The market selloff sent Russia’s rouble to all time low amid chaotic trading, which has seen over $5 trillion wiped off global stocks in two weeks. £44bn was wiped off the FTSE in two hours, Germany’s DAX fell below 10,000 point for the first time this year, while the FTSE 100 in London fell 2.22 percent in early trading to 5,995 points. The French CAC index was down 2.7 percent. The overall decline took the broad European market down to its lowest level since mid-January. Bank and energy stocks were among the worst hit, but the falling price of commodities such as oil and gas has also weighed on markets.
Stocks tumbled across Asia on Monday. China’s benchmark Shanghai Composite Index closed 8.5 percent lower, erasing all the gains it had made in an extraordinary run-up this year, while the tech-focused Shenzhen Composite also slid 7.5 percent. Honk Kong’s Hang Seng Index dropped by almost 5 percent to 21,313.28, while Japan’s Nikkei 225 Stock Index fell 4.6 percent at 18,540.68 points. The South Korea’s Kospi lost 3.0 percent to 1,819.23. Taipei shares plunged nearly 7.5 percent, their worst ever one-day drop.
The Australian market suffered the biggest one-day fall since September 2011, seeing $60bn wiped off its overall value. The rout came just a day after Beijing announced it would allow main state pension funds to invest in the stock market effective immediately, the move which was widely criticized as a damage-control measure to divert billions of dollars into the market to shore up prices. Some traders said the authorities’ failure to step in to buy shares generated a sense of panic and forced some funds to liquidate positions.
“The pension fund signal didn’t work, which proves that investors have entirely lost confidence in the market,” said Wu Xianfeng, president of Longteng Asset Management in Shenzhen. “The market has been in a panic since last week.”
Trading in Standard & Poor’s 500 futures indicated that Wall Street was headed for a downturn after last week’s 6 percent decline. In the oil market, futures contracts for West Texas crude slid 3.5 percent to $39.04 a barrel in electronic trading on the New York Mercantile Exchange, while contracts for the European benchmark Brent crude fell 3.7 percent to $43.80. It was just June of 2014 when oil was at $100 a barrel. The energy sector of the Standard & Poor’s 500 has lost nearly one-third of its value over the past year alone, and the latest slide only hints at a warning sign about the global economy.
The selloff in China accelerated despite extraordinary government intervention in the past two months to prop up shares. China’s Communist party leaders, in an unprecedented move have injected trillions of dollars into the stock market in order to set up a market stabilization fund. But yet another day of stock market chaos highlighted that those efforts have not been a success and the damage has been felt far beyond the Chinese territories.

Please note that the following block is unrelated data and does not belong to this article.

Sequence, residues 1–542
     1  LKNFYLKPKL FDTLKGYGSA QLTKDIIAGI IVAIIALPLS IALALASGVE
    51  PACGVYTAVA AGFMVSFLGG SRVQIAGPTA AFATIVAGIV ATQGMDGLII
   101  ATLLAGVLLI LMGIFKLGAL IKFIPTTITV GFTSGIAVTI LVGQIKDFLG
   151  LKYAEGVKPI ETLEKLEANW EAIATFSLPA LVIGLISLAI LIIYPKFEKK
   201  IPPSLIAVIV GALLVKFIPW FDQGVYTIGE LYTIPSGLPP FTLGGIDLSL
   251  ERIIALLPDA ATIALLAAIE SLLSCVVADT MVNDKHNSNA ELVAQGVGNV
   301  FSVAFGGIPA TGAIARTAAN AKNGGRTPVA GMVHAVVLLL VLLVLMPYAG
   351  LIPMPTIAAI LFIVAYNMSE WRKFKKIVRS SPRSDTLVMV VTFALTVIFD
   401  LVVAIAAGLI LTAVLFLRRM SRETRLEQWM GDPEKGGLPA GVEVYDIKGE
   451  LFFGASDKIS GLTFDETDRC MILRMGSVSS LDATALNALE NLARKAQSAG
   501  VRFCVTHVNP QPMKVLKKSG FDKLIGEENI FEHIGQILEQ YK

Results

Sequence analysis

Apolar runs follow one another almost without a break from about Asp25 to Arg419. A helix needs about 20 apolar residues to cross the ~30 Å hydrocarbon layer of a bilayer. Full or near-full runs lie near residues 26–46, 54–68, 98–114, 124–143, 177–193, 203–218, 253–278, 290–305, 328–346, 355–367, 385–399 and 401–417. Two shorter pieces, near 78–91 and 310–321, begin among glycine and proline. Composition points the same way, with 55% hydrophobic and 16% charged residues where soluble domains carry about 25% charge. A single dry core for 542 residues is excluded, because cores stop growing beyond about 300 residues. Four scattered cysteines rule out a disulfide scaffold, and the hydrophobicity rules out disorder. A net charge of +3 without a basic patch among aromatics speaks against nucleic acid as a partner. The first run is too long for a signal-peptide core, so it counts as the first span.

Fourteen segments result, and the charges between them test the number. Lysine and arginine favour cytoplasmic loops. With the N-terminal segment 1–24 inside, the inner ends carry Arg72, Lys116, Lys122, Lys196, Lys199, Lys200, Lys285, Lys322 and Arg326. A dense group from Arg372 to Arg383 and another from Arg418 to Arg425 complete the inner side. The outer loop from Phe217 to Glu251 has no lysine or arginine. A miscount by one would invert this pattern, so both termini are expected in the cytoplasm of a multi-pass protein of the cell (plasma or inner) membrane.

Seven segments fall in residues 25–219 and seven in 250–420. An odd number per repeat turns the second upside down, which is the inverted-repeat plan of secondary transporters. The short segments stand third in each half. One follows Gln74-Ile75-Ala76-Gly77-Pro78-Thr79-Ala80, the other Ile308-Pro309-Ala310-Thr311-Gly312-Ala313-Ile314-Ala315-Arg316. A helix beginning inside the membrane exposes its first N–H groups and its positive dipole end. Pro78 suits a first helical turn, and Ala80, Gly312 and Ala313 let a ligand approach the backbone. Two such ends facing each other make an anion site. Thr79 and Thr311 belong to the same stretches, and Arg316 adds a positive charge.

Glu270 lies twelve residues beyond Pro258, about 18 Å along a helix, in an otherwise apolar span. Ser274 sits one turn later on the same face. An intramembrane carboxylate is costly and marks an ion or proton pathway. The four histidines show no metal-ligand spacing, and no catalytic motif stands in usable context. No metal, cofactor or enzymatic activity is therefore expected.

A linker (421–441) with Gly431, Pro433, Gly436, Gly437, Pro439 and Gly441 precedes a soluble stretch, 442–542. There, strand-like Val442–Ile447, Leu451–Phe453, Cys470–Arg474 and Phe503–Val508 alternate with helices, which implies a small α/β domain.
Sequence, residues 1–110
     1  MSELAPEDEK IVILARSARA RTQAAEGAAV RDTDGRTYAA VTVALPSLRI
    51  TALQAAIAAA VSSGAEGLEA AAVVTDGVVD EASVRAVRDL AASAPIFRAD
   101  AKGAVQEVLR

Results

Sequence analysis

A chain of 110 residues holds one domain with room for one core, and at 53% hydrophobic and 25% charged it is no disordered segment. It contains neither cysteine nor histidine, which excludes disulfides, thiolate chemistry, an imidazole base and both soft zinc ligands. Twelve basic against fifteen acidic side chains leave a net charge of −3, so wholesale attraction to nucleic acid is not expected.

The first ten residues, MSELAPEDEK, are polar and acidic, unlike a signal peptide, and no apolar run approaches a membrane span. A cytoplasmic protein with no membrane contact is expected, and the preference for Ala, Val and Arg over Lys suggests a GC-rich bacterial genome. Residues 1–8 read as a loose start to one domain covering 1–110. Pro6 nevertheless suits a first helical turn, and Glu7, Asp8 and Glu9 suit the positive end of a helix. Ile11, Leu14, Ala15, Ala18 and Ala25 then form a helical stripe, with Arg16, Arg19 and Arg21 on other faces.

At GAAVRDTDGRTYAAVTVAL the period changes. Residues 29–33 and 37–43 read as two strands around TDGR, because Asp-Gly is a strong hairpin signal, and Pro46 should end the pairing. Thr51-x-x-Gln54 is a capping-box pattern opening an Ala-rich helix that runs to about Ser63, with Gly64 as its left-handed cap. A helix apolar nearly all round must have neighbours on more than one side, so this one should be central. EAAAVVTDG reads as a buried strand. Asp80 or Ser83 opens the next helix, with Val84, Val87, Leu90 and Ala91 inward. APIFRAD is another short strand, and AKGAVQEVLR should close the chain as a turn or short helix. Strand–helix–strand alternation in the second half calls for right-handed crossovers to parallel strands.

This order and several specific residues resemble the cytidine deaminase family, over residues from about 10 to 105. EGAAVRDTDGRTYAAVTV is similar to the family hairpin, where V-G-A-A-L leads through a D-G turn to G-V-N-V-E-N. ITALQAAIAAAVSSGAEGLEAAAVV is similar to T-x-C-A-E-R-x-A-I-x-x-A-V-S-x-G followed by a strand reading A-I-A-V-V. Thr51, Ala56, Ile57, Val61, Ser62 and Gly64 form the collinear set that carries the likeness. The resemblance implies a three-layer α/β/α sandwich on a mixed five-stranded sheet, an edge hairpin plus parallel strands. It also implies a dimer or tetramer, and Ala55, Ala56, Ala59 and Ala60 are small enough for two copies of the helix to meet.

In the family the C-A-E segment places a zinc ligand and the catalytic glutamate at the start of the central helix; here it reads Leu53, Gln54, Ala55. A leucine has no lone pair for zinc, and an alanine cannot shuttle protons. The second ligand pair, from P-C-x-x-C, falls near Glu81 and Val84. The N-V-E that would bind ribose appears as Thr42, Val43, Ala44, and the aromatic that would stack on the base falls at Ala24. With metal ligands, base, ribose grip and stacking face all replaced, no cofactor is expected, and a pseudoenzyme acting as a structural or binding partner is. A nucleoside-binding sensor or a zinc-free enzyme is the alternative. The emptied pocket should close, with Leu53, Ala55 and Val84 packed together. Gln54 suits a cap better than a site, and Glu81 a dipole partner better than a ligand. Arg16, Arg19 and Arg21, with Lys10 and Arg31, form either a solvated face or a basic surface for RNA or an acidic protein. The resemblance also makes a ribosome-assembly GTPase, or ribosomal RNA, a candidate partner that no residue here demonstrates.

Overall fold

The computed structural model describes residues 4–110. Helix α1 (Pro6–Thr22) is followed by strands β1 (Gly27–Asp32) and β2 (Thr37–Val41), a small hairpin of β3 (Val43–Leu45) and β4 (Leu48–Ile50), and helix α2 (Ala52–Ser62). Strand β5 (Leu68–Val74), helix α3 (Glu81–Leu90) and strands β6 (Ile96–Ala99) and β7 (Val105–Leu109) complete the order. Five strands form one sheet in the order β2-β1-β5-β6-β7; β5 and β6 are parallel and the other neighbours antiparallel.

Augustine Eden of Accendo Markets said the lack of reactionary government intervention in the Chinese market has “sent the relatively unsophisticated retail investors that make up the majority of the market packing”. He said,” This has created a perceived dearth of demand for commodities as outside investors use stock market volatility to construct a bearish view of China’s economy.”
The euro has been a beneficiary of emerging market currency woes and fears about the likelihood of a possible Federal Reserve rate hike. The single currency rallied to a six month high against the US dollar, hitting $1.1499, its highest level since February. However, the dollar index fell 0.7 percent to its lowest in two months against other major currencies, while the Australian dollar fell to six-year lows.
Both the euro and the yen are the beneficiaries of “risk aversion caused by China’s surprise move this month on the yuan and from falling expectations that the Fed will hike interest rates,” said Mansoor Mohi-uddin, senior markets strategies at RBS.
It has been a rough few months for China after seeing all the stock market highs. From the recent turn of events it is evident that China is losing both economically and socially. The weakening economy, currency correction and now the recent rout. Even off the economy, the recent Tianjin blasts shows that nothing is going China’s way at the moment.
Fears about a deteriorating Chinese economy, and in turn global growth, engulfed markets after a run on weak economic data from China in recent weeks, which ultimately has fed into a wider selloff in emerging markets. It’s clear from the global picture that China is in the middle of an economic scarce, which at every point appears to be in a freefall. And this only means one thing: more inhabitants fleeing poverty and crashing into developed nations. But the question is what the Chinese government is going to do next to put the brakes on the slowdown and to shore up confidence in the economy.